On London 2012

Troops called in following the G4S security fiasco

At last the sun is shining in UK, in the Southern part at least, but the scale of the flood and storm losses arising from the appalling weather is only just emerging. Last week the ABI revealed £500m of claims for the UK insurance industry in just June alone and RSA was rushed into an unscheduled trading statement to explain their numbers to analysts and media commentators.  The cancellation of several summer events, the Suffolk and the Great Yorkshire Show being the most recent victims of the rain, has hit the rural economy hard, to the tune of £240m according to one source. The Badminton Horse Trials was abandoned and the Formula One at Silverstone came close to wash-out but of course the granddaddy of all sporting occasions, the 2012 Olympics is now only days away.

Whilst the rain clouds might still put the dampers on proceedings, the weather alone is not going to force an abandonment or curtailment of the greatest show on earth. Nevertheless, the G4S security failure is a reminder that there is still time for things to go horribly wrong. At some point late on Friday evening therefore when the Queen will surely declare the games open, there will be no greater cheer than that in the bierkellers of Bavaria. Our friends at Munich Re who lead the cancellation insurance programme for the Olympics have a good chunk of a truly staggering EUR 4 billion claim if the games are called off. That a sum of this magnitude is payable; equivalent to a seriously big earthquake or windstorm, but without any property damage or loss of life, is testament to the huge amounts of money wrapped up in sponsorship and broadcasting rights.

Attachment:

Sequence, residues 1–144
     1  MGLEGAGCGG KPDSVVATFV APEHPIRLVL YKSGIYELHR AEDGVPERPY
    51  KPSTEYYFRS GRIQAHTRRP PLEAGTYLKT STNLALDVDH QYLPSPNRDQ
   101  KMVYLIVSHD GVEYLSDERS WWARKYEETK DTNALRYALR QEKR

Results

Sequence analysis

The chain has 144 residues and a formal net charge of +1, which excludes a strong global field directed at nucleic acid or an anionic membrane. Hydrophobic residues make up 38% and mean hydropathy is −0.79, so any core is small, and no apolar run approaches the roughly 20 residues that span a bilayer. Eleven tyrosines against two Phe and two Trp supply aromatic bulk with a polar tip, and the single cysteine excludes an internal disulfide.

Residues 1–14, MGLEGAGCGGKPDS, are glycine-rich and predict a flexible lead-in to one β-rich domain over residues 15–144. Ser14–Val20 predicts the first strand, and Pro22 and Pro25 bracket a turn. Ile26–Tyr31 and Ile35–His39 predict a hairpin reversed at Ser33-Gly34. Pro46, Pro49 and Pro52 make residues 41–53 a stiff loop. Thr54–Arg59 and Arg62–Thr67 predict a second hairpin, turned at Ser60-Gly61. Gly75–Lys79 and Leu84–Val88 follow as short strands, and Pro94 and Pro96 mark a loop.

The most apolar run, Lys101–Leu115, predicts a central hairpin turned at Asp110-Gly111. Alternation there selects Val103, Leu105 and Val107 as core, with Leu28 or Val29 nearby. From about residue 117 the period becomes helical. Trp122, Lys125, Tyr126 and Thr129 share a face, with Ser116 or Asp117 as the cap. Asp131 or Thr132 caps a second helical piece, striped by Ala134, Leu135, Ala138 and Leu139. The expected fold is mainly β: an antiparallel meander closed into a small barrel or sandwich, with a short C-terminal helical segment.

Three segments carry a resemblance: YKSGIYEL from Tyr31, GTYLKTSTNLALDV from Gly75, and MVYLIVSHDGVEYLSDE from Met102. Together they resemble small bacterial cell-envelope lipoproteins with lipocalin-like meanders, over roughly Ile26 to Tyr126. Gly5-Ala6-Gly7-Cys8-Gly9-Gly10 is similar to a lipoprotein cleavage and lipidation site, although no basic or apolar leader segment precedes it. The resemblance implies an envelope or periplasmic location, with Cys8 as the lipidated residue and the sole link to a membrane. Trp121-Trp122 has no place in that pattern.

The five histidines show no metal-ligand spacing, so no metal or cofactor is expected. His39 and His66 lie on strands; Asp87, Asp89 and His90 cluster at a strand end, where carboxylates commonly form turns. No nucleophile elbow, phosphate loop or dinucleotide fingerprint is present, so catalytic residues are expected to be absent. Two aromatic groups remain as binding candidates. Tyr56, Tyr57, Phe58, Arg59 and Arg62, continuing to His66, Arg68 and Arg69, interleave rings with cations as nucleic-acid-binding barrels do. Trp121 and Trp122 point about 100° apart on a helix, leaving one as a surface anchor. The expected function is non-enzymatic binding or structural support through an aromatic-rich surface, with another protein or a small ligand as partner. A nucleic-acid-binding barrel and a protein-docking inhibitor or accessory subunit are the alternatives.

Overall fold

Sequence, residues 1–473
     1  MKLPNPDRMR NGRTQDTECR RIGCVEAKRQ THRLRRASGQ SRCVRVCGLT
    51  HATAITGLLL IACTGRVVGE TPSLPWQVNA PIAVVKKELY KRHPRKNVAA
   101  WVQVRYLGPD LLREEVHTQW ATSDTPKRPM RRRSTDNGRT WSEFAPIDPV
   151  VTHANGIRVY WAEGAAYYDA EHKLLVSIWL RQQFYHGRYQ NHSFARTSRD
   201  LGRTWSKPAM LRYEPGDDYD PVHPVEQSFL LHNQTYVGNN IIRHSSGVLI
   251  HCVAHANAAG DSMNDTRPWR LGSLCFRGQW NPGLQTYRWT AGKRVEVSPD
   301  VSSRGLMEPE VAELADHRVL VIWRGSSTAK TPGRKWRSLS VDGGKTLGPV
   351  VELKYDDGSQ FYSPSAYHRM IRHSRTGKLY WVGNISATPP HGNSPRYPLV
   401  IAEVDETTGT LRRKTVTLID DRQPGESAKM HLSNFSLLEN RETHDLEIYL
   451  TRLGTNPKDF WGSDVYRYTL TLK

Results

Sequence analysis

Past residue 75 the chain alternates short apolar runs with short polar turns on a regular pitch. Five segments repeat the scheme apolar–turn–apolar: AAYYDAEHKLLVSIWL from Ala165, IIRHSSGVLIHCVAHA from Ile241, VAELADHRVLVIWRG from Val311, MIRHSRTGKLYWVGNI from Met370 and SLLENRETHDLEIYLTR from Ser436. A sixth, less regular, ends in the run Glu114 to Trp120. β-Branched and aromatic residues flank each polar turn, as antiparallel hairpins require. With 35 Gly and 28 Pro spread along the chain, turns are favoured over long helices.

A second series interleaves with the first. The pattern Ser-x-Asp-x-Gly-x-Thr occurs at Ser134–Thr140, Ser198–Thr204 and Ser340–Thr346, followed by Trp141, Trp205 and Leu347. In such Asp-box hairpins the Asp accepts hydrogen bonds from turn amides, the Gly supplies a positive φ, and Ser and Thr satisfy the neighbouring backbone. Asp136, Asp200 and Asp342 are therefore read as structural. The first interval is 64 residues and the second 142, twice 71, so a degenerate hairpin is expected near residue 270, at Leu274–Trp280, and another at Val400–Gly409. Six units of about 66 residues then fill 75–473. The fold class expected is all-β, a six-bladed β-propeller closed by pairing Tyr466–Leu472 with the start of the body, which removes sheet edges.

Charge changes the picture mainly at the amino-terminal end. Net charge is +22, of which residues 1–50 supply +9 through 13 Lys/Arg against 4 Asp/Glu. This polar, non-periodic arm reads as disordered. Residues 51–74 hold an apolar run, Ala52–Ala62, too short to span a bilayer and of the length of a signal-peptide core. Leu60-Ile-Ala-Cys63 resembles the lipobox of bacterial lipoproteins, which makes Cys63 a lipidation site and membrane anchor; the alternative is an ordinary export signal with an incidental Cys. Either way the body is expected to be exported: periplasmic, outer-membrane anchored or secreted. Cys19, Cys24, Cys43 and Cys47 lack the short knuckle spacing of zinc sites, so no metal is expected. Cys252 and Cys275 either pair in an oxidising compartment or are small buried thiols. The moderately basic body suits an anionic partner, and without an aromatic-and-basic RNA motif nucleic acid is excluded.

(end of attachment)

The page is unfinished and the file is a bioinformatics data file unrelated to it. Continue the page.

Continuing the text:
There are over forty commercial partner organisations to the 2012 Games arranged in tiers with those at the top table paying anything up to £40m for the privilege. Considering the amounts of capital the industry has put at stake, it is perhaps surprising that little interest has been shown in using the event to market this not insignificant contribution; no insurance company or broker is amongst the long list of official sponsors. As Aon is demonstrating, like AIG before them, with the shirt sponsorship of Manchester United, the bigger players in our industry are capable of spending very tidy amounts for global media coverage. Like many of us have experienced with ticket prices, the cost of getting involved in the Olympics is just too prohibitive.

All the more curious is the low visibility of insurance providers when one considers the close proximity of the Olympic Park to Lloyd’s and the centre of the global specialist insurance market. We may not be present around the venues but insurers are transforming its backdrop, the City of London skyline. As we all watch the new Aon Centre arise opposite Lloyd’s it all seems a far cry from their then CEO Denis Mahoney’s doomed attempt to decamp the broking giant to Canary Wharf six years ago. US insurer WR Berkley announced this week that it too is to build a 40 story tower that will also dwarf Lloyd’s. As the banks complete their retreat to the Docklands, the City is fast becoming an insurance dominated hub and for those of us that have worked through some of the tougher times in the market of the past, in this Olympic week, that is certainly something to cheer.

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